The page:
Collector's Addition

Look: Arctic fossil haul reveals dinosaurs lived year-round in cold conditions

Yet more evidence that these prehistoric giants were warm-blooded.

Hey Violet via Giphy

The idea that dinosaurs were exclusively cold-blooded lizards has lost its footing over the past decade.

Researchers are finding more evidence that some dinos were active in colder regions, indicating they were probably warm-blooded.

Remains have even been found above the Arctic circle.

Paul Souders/Photodisc/Getty Images

And a new study in Biology Letters gives even more weight to the idea that some dinosaurs lived year-round in the Arctic and Antarctic.

The research team spent roughly a decade completing excavations of a massive fossil haul in a North Alaskan region known as Prince Creek Formation.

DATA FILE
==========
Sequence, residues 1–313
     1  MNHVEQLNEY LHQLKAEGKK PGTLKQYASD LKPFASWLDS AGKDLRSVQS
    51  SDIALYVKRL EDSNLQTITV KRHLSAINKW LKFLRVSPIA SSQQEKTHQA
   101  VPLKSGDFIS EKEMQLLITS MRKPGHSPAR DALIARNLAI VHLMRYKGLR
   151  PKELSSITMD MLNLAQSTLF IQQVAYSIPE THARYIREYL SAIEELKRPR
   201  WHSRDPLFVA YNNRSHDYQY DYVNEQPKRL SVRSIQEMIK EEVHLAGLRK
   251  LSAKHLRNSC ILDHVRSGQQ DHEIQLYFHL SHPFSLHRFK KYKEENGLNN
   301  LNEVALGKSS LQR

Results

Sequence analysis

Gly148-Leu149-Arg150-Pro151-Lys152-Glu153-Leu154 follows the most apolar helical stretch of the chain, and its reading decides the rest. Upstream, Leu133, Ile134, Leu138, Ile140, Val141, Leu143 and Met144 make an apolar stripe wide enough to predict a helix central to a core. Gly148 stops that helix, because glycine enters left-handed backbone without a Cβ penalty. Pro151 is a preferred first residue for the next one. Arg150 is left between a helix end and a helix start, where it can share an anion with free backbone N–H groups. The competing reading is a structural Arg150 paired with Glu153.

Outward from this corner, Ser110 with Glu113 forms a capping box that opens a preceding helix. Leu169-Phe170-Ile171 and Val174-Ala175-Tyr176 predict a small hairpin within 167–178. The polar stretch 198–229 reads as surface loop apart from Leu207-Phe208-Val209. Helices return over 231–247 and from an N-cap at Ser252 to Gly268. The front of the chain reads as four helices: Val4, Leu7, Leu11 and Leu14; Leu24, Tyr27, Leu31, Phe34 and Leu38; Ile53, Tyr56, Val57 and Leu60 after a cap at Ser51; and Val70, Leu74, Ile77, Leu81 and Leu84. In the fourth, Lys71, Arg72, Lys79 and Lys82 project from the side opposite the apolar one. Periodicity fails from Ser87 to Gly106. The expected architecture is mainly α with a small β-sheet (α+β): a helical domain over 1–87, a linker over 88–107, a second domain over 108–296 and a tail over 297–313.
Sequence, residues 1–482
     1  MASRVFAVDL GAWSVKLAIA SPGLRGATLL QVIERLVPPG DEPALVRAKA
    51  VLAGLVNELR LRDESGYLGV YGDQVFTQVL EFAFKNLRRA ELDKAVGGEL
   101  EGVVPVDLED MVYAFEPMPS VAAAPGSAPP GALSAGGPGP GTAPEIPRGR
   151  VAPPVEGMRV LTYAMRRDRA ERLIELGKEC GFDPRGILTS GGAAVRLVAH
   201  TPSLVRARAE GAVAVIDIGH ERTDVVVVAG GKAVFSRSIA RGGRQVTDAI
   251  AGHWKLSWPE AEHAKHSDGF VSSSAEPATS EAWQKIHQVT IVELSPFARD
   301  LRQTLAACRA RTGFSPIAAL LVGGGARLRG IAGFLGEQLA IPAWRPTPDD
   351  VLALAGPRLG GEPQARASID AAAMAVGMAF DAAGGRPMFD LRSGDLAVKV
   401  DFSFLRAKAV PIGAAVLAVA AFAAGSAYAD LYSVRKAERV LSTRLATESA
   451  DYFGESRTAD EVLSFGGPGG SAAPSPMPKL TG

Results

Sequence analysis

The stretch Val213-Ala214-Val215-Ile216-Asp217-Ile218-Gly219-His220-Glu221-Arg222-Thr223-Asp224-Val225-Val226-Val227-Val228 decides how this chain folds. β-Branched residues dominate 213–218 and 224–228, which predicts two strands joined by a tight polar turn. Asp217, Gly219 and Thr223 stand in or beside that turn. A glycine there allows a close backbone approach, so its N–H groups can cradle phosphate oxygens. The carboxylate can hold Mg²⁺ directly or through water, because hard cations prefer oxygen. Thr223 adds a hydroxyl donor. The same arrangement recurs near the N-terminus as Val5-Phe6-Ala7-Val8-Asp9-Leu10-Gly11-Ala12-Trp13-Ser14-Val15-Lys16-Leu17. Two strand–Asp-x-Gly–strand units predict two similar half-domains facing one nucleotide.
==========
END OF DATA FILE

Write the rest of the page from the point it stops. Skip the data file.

Kevin May

They uncovered a bounty of microfossils — bits of bones and teeth from baby dinosaurs.

The researchers estimate that these remains represent at least 7 different species, both small- and large-bodied herbivores and carnivores.

"These represent the northernmost dinosaurs known to have existed"

Dr. Patrick Druckenmiller, study author


Though the researchers did not uncover any eggs, the presence of baby dinosaur remains shows that the species who found a home there stayed for breeding season, and may have been present year-round.

Landscape Away / 500px/500px/Getty Images

Arctic temperatures were warmer during the Cretaceous period, but high latitudes still meant several months of darkness per year and freezing temperatures in the winter.

Now the researchers are left with lingering questions. Namely: how did the dinosaurs cope with Arctic darkness, food scarcity, and extreme cold?

Photo 12/Universal Images Group/Getty Images

Alas, the lives of our favorite prehistoric creatures keep us in hot — or this case, cold — pursuit.

Read more stories about science here.

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